The most cogent anti-rankings article ever!

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djgoldbe
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Re: The most cogent anti-rankings article ever!

Postby djgoldbe » Wed Apr 07, 2010 11:02 pm

Van: I respect your view and see your point. You seem to be a bit agitated about all of this so I'll make this my last post and let others chime in.

It's not a test of "intellectual ability", it's a test of analytical and reasoning skills.


I used intellectual ability to encompass such skills - since they are intellectual abilities. I think my point still stands.

Wait, you're saying fairness shouldn't be a concern? You don't care about fairness in law admissions? Your argument is entirely about fairness; you think it's unfair for schools to "like" these applicants but be "unable" to admit them.


Again, I still think it is not an issue of 'fairness'. I do not think law schools are being unfair by admitting based on ranking concerns, I simply think that it is not an ideal way to do so. There is a difference.

At least the current system is objective, transparent, and relatively straightforward. That makes it more fair.


You seem to favor a more rigid system of admissions that has a more standardized objective criteria. I disagree with this. I would rather have schools be able to use their discretion and be allowed to base admissions on a more flexible criteria that more greatly emphases a greater array of often intangible or unquantifiable factors. So be it, different strokes for different folks.

The most effective lawyers are the best lawyers, from an educational standpoint. It's not the job of law schools to play politics and choose students based on their political beliefs. We teach a diverse array of people with differing beliefs, and I'm offended by any notion that law schools should be pre-screening students based on political values. While you may think this is a good idea because a school that's in line with your values will keep out the people who you think are in the moral wrong, but the problem is that you're assuming that line will be fairly drawn. That goes back to the fairness argument I brought up, and which you seem incapable of understanding.

I don't like John Yoo either, but he is someone who will tell you he has deep moral convictions and believed he was doing the right thing for his country. How would you pre-screen against him? There's no way to do it, not without putting into place a terrifyingly discriminatory system that would be far more harmful to America than any single memo John Yoo could ever write.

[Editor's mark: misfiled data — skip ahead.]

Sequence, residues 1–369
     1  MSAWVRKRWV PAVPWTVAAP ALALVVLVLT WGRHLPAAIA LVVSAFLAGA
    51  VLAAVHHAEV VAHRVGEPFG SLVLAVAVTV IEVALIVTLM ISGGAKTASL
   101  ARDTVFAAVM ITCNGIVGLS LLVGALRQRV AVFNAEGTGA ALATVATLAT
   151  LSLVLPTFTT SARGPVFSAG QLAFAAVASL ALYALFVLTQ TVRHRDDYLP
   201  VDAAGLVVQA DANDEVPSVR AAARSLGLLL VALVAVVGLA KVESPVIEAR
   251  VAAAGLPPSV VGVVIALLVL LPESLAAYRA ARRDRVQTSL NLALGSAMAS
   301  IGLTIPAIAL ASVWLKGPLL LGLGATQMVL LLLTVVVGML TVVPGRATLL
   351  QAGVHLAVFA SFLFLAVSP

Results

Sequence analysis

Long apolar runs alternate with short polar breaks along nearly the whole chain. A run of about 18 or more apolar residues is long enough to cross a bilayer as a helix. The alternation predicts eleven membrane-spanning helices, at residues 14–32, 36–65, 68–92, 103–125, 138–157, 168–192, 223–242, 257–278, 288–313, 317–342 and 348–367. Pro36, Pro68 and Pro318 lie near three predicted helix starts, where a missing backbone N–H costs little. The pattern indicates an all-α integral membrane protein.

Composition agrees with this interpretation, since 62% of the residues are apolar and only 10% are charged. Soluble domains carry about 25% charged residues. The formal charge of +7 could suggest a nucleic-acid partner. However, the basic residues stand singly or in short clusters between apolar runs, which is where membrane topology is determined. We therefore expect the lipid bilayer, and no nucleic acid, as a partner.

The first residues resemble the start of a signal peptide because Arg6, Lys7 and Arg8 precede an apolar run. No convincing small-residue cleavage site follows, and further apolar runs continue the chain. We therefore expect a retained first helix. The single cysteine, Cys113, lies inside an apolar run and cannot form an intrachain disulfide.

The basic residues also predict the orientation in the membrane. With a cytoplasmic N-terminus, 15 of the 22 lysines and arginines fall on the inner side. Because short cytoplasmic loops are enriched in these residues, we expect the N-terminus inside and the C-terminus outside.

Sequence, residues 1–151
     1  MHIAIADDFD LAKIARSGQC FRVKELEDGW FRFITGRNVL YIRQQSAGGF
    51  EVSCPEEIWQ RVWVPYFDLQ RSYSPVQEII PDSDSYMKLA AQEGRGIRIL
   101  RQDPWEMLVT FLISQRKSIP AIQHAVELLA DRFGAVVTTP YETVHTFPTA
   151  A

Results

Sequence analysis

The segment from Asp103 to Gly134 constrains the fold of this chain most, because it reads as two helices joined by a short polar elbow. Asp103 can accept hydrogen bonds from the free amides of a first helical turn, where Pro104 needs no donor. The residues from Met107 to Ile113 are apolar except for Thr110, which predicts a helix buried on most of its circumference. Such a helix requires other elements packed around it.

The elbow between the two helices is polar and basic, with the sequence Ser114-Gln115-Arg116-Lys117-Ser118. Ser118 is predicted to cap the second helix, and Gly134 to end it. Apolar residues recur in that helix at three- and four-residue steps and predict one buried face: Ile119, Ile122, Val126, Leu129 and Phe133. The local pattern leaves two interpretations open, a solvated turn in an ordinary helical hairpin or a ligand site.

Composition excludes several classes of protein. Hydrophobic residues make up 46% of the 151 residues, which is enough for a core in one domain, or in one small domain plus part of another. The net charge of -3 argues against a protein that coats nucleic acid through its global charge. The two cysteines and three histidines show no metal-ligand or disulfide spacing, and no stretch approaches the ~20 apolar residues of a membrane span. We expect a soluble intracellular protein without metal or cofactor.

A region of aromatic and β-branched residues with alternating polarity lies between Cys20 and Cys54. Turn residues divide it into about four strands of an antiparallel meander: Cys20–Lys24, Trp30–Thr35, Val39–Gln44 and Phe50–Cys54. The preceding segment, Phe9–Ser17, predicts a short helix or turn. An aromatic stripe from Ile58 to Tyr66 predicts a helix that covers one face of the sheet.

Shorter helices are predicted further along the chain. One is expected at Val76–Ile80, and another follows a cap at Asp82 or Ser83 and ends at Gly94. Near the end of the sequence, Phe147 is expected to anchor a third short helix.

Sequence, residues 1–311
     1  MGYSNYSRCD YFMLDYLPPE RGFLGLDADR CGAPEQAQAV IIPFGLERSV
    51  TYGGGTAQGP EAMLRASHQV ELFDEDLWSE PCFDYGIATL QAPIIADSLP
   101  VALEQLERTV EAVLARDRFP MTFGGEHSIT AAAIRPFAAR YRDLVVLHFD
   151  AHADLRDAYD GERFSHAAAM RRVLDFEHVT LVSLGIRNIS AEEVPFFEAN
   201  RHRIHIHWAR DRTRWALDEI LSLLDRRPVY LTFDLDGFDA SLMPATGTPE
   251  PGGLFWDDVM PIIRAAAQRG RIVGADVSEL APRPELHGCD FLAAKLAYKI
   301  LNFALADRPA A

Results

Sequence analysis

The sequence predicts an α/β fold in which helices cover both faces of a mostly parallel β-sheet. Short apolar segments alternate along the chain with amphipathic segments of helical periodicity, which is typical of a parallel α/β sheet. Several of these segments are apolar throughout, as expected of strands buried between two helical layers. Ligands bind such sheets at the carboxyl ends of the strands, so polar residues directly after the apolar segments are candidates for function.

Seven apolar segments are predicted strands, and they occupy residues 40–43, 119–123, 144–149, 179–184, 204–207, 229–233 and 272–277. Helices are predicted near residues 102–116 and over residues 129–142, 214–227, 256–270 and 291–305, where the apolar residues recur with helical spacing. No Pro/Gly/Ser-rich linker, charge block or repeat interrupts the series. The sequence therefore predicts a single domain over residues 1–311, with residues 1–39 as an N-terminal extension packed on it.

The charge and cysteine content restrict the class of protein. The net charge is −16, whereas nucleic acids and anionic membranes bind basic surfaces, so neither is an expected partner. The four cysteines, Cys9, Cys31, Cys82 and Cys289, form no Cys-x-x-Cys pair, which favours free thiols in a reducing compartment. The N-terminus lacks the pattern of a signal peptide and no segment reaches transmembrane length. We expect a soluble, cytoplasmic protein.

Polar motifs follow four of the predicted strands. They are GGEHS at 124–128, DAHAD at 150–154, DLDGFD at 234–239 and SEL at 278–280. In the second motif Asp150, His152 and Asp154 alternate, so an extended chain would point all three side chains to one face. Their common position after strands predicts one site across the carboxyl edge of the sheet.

I think we disagree on what exactly constitutes legitimate political/ideological differences from moral and good-practice ones. Of course I agree that no school ought to be doing litmus tests on students political beliefs. However, I think it is absolutely within a schools right, and in my view it is their obligation, to ensure that the people that they prepare to legally represent others espouse certain values and characteristics. Cornell's slogan is 'lawyers in the best sense'. I do not think they simply mean this as a benign statement of being academically legally prepared in the 'best' way. It quite clearly means more, and that is the values and characteristics that I speak of. Perhaps it is trite - but I think it need not and should not be. What if Goldman Sachs had hired 'Investment Bankers in the best sense'? I think we would be a lot better off for it.

As to how this is done - I think it obviously encompasses a more involved application process (perhaps mandatory interviews and multiple essays?) that can begin to really get insight into the applicant (which would also reduce the ballooning number of law school apps). I think such a system is possible, although I am sure some people who ought to have been admitted may not be, and I agree that those people will view it as unfair. But I would rather have some mistakes and inequality than a blind quantitative review.

Also, your argument that schools can afford to be both demanding qualitatively and quantitatively is understandable and legitimate - but I still feel that if the rankings were blind to student body, admissions officers would be making significantly different decisions.

I hope I did not belittle or offend you (sincerely). It is not my intent - I think we just disagree about fairness and what law school rankings and admissions ought to look like.